Posts Tagged ‘education’

Social factors can have a powerful influence on intelligence.

Source: Intelligence and the Stereotype Threat – The New York Times

Excerpt: “After an early career as a blogger and an author, Finney decided to try her hand at the world of startups. When she joined a New York-based tech incubator in 2006, she remembers a prominent venture capitalist telling her, “You know, I don’t do the black woman thing.” It was the first time, according to Finney, that it seemed like someone didn’t believe she was capable just because of her gender and her race. 


School-Business Partnerships That Work: Success Stories from Schools of All Sizes

– See more at:

Schools and businesses are working together to benefit students, teachers, and entire communities. Successful partnerships can be found across the grades, in schools large and small. Included: Education World’s “Principal Files” principals offer ideas, tips for successful school-business partnerships.

Source: Education World: School-Business Partnerships That Work: Success Stories from Schools of All Sizes

Harvard Crest

As much as we like to believe we have class mobility, higher education is now so expensive that it exacerbates rather than ameliorates income inequality:  that is, you need to be affluent to afford to go to college to, in your life time, earn more money than those who could not afford college.  This is a vicious generational cycle that has been escalated by the fifty-year defunding of higher education.  This process began, for all intents and purposes, with Governor Ronald Reagan systematically cutting state subsidies to the California system of higher education institutions.  More and more of the U.S. tuition burden has passed from society at large to the individual student, ensuring that the most affluent American students (not necessarily the most talented) have a much higher chance of going to college. This is not very forward-thinking in an era of high change, when we need the smartest students to learn to be inventors, creators, innovators in all fields.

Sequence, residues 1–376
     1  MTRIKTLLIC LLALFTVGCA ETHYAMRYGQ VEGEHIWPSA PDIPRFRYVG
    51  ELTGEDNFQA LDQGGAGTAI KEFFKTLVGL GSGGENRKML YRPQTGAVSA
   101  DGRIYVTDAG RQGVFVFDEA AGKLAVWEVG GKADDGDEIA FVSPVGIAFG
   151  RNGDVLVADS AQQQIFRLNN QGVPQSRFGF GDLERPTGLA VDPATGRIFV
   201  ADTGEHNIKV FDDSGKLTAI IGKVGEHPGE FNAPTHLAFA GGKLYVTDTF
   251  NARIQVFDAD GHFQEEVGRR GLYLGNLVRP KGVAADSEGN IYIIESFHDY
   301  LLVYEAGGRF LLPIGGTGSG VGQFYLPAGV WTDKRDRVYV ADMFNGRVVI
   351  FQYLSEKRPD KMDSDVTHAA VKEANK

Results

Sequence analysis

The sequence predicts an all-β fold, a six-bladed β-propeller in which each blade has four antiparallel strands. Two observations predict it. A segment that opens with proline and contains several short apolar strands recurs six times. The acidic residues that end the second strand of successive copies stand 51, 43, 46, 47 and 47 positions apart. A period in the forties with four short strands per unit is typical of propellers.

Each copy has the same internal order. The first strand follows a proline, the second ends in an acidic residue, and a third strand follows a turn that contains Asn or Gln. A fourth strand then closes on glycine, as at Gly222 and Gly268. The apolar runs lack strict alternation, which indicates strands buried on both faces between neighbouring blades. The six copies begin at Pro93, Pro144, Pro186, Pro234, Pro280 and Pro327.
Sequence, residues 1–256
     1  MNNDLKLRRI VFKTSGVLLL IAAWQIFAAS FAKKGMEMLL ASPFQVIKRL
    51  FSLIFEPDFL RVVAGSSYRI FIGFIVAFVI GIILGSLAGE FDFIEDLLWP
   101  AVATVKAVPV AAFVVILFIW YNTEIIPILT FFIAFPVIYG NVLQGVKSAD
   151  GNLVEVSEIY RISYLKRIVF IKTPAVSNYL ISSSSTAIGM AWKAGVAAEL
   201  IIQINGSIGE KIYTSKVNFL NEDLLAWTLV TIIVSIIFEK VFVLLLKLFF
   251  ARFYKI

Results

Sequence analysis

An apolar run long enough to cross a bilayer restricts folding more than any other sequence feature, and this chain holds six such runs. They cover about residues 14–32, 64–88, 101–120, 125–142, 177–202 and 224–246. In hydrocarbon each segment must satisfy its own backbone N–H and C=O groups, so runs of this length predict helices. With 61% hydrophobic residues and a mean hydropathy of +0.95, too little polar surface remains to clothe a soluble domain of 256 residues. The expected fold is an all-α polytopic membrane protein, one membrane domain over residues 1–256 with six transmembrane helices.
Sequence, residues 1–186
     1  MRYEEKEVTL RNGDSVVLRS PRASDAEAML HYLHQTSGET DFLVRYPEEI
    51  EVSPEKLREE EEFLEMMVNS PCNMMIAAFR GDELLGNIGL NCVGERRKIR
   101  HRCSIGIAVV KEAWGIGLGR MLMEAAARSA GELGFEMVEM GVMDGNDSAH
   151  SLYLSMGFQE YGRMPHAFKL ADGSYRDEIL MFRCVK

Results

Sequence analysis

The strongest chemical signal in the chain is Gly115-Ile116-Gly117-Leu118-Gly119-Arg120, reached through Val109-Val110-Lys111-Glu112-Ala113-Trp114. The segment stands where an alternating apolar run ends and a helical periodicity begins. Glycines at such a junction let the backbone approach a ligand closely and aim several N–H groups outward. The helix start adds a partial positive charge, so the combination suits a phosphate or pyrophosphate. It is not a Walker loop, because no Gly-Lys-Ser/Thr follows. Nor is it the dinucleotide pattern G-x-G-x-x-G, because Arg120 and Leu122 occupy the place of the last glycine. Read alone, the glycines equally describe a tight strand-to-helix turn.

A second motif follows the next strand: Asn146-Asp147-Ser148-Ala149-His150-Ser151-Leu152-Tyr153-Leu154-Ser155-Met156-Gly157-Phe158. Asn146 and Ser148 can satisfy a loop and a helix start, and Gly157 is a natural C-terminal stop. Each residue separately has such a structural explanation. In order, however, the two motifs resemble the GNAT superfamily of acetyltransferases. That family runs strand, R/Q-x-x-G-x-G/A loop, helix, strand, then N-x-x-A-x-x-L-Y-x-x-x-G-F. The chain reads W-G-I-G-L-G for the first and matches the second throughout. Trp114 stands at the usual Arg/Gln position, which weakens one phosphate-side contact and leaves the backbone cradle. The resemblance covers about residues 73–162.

Source: The Trouble with Pinker’s Argument about ‘The Trouble With Harvard’ | HASTAC

Source: Affirmative Testing Resources « Annie Murphy Paul

CompetencyWorks is an online resource dedicated to providing information and knowledge about competency education in the K-12 education system. Drawing on lessons learned by innovators and early adopters, CompetencyWorks shares original research, knowledge and a variety of perspectives through an informative blog with practitioner knowledge, policy advancements, papers on emerging issues and a wiki with resources curated from across the field. CompetencyWorks also offers a blog on competency education in higher education so that the sectors can learn from each other and begin to align systems across K-12, higher education and the workplace.